It’s not going well in China:
The last time a top Chinese leader impromptu addressed thousands of officials in February 2020, President Xi Jinping called for a “people’s war” against Covid-19 at the outset of the pandemic.
On Wednesday, Premier Li Keqiang held a similarly rare video call with thousands of cadres across the nation to warn of an even worse economic crisis than two years ago, calling on them to better balance Covid controls and economic growth.
Yet many government officials charged with implementing policy at the ground level aren’t quite sure who to listen to: Xi continues to emphasize the need for officials to push for zero Covid-19 cases, even as Li continuously urges them to bolster the economy and hit preordained growth targets.
That dilemma is leading to paralysis within a nation normally hailed for speedy implementation of diktats from above, according to eight senior local government officials and financial bureaucrats who requested not to be named because they aren’t authorized to speak publicly.
Here’s another summary of its attempted property fixes to date:
- LENDING PUSH: People’s Bank of China Governor Yi Gang and other officials met with 24 major financial institutions. The meeting called on banks to accelerate the delivery of approved loans, and also to maintain the stable growth of property loans.
- KEY RATE CUT: Chinese banks cut a key interest rate for long-term loans by a record amount, a move that would reduce mortgage costs and may help counter weak loan demand.
- MULTIPLE PROPERTIES: Chinese cities are making it easier for families with more children to own multiple properties, as authorities struggle to revive the housing market and boost birth rates. Hangzhou, the eastern city where internet giant Alibaba Group Holding Ltd. is based, said that households with three children are now allowed to buy one more residence.
- CHEAPER MORTGAGES: The People’s Bank of China effectively cut the minimum interest rate for first-home buyers’ new mortgages, enabling them to borrow money at an interest rate as low as 4.4%, down from 4.6% previously.
- CSRC VOW: The China Securities Regulatory Commission vowed to actively support property firms seeking financing via bonds. It also plans to study expansion of a trial project for infrastructure-oriented real estate investment trusts.
- POLITBURO BOOST: China’s top leaders promised to boost stimulus and contain the country’s worst Covid outbreak since 2020. The Communist Party’s Politburo pledged to “strengthen infrastructure construction in an all-around way” and to support the housing market. While officials repeated the phrase that “houses are for living in not for speculation,” the government said it would also work to meet the demand for better quality housing and “optimize” the supervision on developers’ income from project pre-sales.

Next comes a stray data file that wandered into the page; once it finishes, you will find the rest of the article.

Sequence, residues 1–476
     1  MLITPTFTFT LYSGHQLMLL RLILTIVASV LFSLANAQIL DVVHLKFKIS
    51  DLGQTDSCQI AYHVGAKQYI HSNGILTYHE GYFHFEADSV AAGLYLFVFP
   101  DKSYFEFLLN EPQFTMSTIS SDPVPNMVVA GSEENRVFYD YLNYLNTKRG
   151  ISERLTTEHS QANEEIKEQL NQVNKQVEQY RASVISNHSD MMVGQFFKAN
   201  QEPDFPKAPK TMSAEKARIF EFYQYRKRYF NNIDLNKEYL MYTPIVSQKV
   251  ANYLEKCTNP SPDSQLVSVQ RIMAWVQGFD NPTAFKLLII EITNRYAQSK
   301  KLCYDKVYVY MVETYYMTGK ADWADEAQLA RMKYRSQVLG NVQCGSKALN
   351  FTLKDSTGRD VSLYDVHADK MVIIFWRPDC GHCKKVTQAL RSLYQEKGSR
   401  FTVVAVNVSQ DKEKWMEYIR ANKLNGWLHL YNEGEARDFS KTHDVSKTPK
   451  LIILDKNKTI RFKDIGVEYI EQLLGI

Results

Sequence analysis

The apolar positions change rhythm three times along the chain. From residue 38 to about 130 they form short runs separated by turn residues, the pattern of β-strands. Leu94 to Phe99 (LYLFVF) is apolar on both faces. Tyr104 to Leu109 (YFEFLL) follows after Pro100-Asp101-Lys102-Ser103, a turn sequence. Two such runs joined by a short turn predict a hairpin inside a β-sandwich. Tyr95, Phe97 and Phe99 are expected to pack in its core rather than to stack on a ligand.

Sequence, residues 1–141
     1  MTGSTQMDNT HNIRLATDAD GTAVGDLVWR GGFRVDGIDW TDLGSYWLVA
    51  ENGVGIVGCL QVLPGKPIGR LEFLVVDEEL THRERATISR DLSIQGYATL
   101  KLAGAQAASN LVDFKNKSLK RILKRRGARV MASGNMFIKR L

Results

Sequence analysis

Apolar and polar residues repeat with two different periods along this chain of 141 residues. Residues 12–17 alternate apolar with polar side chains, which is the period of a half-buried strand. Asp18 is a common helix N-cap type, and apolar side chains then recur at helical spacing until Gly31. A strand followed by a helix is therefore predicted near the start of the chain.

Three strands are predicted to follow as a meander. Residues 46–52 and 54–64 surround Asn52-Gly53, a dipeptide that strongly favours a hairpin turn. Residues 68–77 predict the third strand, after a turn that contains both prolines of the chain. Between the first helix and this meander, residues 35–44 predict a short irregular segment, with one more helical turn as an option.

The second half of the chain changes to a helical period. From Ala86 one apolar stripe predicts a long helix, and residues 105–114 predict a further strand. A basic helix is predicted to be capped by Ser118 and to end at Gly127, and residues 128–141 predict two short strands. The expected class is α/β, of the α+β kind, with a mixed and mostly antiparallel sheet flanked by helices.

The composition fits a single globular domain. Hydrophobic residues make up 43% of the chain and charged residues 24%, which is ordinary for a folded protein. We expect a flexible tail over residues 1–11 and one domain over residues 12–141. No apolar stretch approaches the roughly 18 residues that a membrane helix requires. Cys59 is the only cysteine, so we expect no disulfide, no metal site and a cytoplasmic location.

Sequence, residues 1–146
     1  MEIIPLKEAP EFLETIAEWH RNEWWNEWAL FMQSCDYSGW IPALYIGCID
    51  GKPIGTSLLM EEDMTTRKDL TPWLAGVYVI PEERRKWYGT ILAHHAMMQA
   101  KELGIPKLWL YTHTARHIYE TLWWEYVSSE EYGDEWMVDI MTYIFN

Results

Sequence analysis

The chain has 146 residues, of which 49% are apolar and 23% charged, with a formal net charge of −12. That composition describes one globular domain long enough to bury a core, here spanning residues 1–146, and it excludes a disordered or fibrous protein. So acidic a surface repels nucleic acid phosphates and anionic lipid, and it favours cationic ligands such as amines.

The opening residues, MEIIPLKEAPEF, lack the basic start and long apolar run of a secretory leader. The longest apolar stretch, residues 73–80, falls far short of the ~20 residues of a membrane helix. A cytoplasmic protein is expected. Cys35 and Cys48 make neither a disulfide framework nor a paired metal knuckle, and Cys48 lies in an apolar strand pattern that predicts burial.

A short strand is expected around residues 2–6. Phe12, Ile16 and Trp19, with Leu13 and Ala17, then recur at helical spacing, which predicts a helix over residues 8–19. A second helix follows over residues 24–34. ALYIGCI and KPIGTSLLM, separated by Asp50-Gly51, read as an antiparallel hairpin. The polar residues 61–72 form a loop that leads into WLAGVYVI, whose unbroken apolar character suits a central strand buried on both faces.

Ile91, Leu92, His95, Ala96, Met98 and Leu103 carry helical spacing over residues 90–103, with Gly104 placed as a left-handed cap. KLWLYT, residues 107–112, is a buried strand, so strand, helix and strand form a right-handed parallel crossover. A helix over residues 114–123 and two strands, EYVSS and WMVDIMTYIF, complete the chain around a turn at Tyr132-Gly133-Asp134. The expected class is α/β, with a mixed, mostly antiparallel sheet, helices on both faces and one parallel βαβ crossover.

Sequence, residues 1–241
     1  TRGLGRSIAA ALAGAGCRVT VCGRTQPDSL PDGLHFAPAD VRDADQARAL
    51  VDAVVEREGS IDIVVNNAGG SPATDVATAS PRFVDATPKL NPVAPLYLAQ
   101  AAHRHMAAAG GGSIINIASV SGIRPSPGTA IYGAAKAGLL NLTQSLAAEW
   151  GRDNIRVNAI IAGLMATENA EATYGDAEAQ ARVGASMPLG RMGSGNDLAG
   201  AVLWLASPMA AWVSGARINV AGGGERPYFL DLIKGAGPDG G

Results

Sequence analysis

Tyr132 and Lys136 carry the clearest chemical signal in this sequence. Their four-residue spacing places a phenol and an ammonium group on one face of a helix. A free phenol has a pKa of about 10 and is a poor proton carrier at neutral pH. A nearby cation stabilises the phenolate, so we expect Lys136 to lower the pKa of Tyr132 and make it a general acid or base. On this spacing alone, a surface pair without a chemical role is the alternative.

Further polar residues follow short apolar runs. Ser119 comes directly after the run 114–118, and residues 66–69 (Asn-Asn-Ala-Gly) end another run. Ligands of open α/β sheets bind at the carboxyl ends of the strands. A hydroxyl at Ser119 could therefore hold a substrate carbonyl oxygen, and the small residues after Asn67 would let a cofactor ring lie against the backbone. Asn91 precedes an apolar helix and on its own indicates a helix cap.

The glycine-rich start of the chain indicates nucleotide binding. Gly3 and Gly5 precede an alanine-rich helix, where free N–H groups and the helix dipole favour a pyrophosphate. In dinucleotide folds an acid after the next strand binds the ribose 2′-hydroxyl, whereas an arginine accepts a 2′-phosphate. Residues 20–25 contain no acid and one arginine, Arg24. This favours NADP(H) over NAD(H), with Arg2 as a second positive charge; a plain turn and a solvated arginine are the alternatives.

- EASIER FINANCING: The PBOC held a meeting with about 20 major banks and asset-management firms to help resolve crises at a dozen large real estate firms including China Evergrande Group. The central bank sought looser requirements on a range of financing, from lending for property acquisitions to extending maturities on debt.
- HOMEBUYER HELP: Financial institutions should improve loan policies and flexibly adjust home-mortgage payments for individuals that are affected by Covid outbreaks, according to China’s central bank. It also vowed to maintain stable and orderly real estate financing.
- UNWINDING CURBS: China’s local governments stepped up easing of home-buying rules after top policy makers vowed to support the property market. More than 60 municipal authorities loosened regulations in the first quarter, according to a report by real estate data firm China Index Holdings.
- NO TAX: China won’t expand a trial on property taxes this year, reported the official Xinhua News Agency. The country lacks the necessary conditions to expand the pilot program in 2022 after preliminary research and investigations conducted by some cities, it said.
- MORTGAGE DOWNPAYMENTS: Banks in several Chinese cities cut mortgage down payments for some homebuyers, in a move that may boost flagging housing demand, local media reported.
And what it has achieved:
Why? Because authorities keep addressing the wrong risk. It is not the price of credit. It is the availability of credit to developers which are going bust. And, as such, nobody wants to buy from them owing to counterparty risk.
There is no property recovery of substance coming until China reveres the three red lines constraining developer leverage.